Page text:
Until 2001 the bulk of the distribution of yellowflag iris (YFI) in the Missoula Valley was confined to a 1.5 mile section of lower Pattee Creek. In 2001 redevelopment of southwest Higgins Avenue involved updating drainage culverts and resulted in connecting lower Pattee Creek to the Bitterroot River through a series of drainage ditches and ponds. One consequence of altering the path of Pattee Creek was an explosion of YFI in these waterways. After reconstruction the YFI populations expanded to approximately 3.5 miles of drainage ditch between lower Pattee Creek and the Bitterroot River, and completely lined the Bancroft Ponds, a popular urban park. When the Missoula County Weed District mapped the extent of the YFI in order to get baseline data on the infestation, the discovery of several immature YFI where the ditch now drained into the Bitterroot River and this increased the severity of the problem. Land managers in this area recognized the need for immediate response to this problem; if the infestation remained unmanaged it would easily spread throughout the lower Bitterroot and Clark Fork rivers.

In 2004 a collaborative effort was undertaken by multiple partners in the Missoula Valley to begin to address these YFI infestations. The Missoula County Weed District, Missoula City Parks and Recreation, and the University of Montana launched an awareness campaign, targeting residents in the Pattee Creek area as well as the greater Missoula area. This campaign included newspaper articles, direct mailings, door-to-door visits and homeowner group meetings. The partners were pleasantly surprised, as once most residents where informed about the negative impacts YFI has on riparian habitats, they became very supportive of managing this invasive weed.

In 2005 the City of Missoula Parks and Recreation Department began chemical and mechanical control of YFI in Bancroft Ponds Park, home to the largest infestation of this plant in the valley. A commercial applicator sprayed the infestation with an 8% solution of aquatically labeled glyphosate and a team of interns mowed mature flowers for a ¼ mile upstream of this infestation to reduce seed input into the pond. The city continued these same controls on these infestations in 2006.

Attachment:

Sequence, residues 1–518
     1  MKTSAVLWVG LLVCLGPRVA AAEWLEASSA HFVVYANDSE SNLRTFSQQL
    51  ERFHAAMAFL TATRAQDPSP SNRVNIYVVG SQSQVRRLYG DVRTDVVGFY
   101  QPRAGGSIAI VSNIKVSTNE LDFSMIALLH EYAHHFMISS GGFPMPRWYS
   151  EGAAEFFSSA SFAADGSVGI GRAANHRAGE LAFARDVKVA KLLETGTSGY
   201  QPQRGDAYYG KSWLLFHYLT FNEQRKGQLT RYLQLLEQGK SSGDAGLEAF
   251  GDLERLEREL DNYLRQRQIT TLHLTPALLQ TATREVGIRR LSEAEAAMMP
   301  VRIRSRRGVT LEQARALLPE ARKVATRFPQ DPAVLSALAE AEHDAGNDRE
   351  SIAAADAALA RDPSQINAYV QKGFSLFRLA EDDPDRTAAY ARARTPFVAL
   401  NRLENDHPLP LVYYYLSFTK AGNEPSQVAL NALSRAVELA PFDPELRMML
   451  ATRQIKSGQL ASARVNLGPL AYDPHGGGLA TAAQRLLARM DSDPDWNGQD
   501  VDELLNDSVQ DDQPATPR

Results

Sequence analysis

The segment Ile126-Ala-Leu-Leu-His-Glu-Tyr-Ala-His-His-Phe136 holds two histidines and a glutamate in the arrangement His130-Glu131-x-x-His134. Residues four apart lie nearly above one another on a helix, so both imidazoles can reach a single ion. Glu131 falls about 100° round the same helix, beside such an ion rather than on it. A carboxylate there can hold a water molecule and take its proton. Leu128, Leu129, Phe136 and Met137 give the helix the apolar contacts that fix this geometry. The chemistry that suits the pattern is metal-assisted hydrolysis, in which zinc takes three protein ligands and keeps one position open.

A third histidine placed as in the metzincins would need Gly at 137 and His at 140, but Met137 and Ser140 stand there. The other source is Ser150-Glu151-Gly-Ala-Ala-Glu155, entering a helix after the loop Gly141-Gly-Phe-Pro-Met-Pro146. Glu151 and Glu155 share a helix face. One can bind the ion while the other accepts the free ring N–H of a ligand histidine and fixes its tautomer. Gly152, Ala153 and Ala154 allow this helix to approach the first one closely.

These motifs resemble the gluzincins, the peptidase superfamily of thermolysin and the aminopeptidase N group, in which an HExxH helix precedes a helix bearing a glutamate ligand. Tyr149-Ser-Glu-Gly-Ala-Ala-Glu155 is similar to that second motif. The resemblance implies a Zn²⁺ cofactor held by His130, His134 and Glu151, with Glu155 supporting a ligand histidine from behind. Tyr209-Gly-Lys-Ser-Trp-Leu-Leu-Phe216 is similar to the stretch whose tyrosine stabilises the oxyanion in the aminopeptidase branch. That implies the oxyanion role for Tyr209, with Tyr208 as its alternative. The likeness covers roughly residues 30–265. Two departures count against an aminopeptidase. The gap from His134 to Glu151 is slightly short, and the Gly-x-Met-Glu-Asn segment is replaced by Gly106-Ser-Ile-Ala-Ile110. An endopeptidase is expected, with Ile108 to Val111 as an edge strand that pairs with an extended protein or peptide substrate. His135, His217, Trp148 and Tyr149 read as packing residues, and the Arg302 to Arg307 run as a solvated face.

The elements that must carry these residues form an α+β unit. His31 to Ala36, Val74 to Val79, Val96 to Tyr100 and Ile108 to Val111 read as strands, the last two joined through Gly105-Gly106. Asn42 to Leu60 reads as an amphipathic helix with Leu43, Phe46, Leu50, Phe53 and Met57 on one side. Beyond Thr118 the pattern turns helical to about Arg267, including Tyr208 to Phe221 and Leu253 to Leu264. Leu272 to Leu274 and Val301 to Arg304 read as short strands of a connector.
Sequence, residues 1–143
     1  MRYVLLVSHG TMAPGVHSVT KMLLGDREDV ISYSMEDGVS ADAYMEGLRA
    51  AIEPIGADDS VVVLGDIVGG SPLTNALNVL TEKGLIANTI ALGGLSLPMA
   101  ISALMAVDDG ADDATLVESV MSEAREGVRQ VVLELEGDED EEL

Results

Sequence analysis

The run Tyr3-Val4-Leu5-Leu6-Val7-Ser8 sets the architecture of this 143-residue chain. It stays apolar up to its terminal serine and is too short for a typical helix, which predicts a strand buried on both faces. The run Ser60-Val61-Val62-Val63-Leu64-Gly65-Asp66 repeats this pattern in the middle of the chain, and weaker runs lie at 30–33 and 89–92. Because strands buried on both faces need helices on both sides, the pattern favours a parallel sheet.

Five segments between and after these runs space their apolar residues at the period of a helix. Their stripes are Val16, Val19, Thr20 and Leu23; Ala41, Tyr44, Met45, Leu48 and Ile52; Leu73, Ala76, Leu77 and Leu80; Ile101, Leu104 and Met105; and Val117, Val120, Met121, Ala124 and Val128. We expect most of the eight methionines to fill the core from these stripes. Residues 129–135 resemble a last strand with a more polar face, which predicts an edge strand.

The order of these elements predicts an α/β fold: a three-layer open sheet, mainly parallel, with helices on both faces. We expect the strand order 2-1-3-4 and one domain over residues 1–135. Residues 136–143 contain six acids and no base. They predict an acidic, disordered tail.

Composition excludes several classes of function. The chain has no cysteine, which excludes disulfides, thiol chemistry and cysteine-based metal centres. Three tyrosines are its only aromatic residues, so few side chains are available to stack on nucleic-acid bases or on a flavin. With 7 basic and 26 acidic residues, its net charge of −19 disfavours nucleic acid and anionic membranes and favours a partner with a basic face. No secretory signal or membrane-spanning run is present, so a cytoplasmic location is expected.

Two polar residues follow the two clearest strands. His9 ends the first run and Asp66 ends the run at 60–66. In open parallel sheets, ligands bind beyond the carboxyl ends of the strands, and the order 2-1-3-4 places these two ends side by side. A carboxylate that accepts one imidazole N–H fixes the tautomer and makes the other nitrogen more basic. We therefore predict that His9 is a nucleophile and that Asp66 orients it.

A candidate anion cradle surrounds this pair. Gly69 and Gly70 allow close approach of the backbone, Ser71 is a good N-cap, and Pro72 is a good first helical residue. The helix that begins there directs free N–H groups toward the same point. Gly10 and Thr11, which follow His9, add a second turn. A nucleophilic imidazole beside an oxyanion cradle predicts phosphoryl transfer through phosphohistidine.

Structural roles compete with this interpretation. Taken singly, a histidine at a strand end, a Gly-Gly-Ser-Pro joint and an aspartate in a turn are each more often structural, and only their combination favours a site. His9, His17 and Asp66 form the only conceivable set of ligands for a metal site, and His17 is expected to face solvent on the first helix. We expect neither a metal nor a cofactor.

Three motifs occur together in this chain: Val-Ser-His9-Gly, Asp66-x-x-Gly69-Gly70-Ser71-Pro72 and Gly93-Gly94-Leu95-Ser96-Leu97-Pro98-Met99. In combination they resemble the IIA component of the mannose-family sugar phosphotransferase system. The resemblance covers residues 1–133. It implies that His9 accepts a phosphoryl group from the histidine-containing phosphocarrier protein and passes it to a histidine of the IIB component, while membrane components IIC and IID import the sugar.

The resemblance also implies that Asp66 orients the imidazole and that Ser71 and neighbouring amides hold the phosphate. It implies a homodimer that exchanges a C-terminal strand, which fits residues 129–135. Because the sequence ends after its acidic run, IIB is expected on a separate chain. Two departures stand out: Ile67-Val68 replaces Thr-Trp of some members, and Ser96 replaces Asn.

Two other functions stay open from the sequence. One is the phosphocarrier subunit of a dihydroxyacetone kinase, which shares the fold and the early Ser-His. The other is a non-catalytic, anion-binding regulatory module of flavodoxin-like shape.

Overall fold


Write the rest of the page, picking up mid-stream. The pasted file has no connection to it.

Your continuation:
In the spring of 2006 Missoula County Weed District staff and a team of University of Montana interns went door to door in neighborhoods at the upstream end of the infestation handing out educational materials about YFI and the eradication campaign. In the spring of 2006 landowners in the Pattee Ck. Vegetation Management Area became involved with the project and a commercial applicator was hired to treat the upper ½ mile of the infestation; all of which was on private lands. Along this stretch of creek concentrated aquatic glyphosate was injected into flower stalks. This helped to eliminate the possibility of non-target damage to the many ornamental plantings landowners have established along the creek. In the fall of 2006 the University of Montana treated several infestations at a flood control pond within the project area.

In 2007, the project received a grant from Noxious Weed Trust Fund to treat the entire project area. This increase in funding for the project coupled with promising   results from 2005-06 controls for the first time partners felt confident that eradication of YFI in the Missoula Valley was actually achievable. The treatments have moved away from stem injection, to precision spot spraying with a backpack. Stem injection proved to be too labor intensive and not as effective as foliar application. The entire project area was treated again in 2008, with huge reductions in infestation size and frequency.  In 2009 we again received a grant from the Noxious Weed Trust Fund. In the 2009 field season some sites no longer need to be treated but where still monitored for seedling germination. In the past five years, we have observed as much as a 90% reduction in YFI across the project area, with complete eradication at many sites. Yearly monitoring of all areas will continued to assure no seedlings emerge as the seed viability of YFI isn’t well documented.

Bancroft Pond in 2009

Bancroft Pond in 2009

Each field season we maintain contact with our landowners and each year we are encouraged by the positive response from the landowners.  From the beginning of the project educating the public on the negative environmental impacts of noxious weeds and instilling a vision of attractive replacements for YFI was critical for getting support from a largely skeptical public. Partners (public and private) are now working on restoring the ponds and urban wetlands present in Bancroft Ponds Park, with the hopes that this site will serve as a restoration demonstration area. On Halloween of this year volunteers from across the project area held a planting day, where we planted Rocky Mountain Iris, Blue Camas, Yellow Monkey Flower and spread a native riparian seed mixture.

Call us what you want… Granola, Hippies, Freaks. But remember we are all in this battle together, working towards a common goal of protecting Montana from the invasion of noxious weeds. And bite your tongue because your kids may someday be going to school here and if they do, they may like it so much they never leave!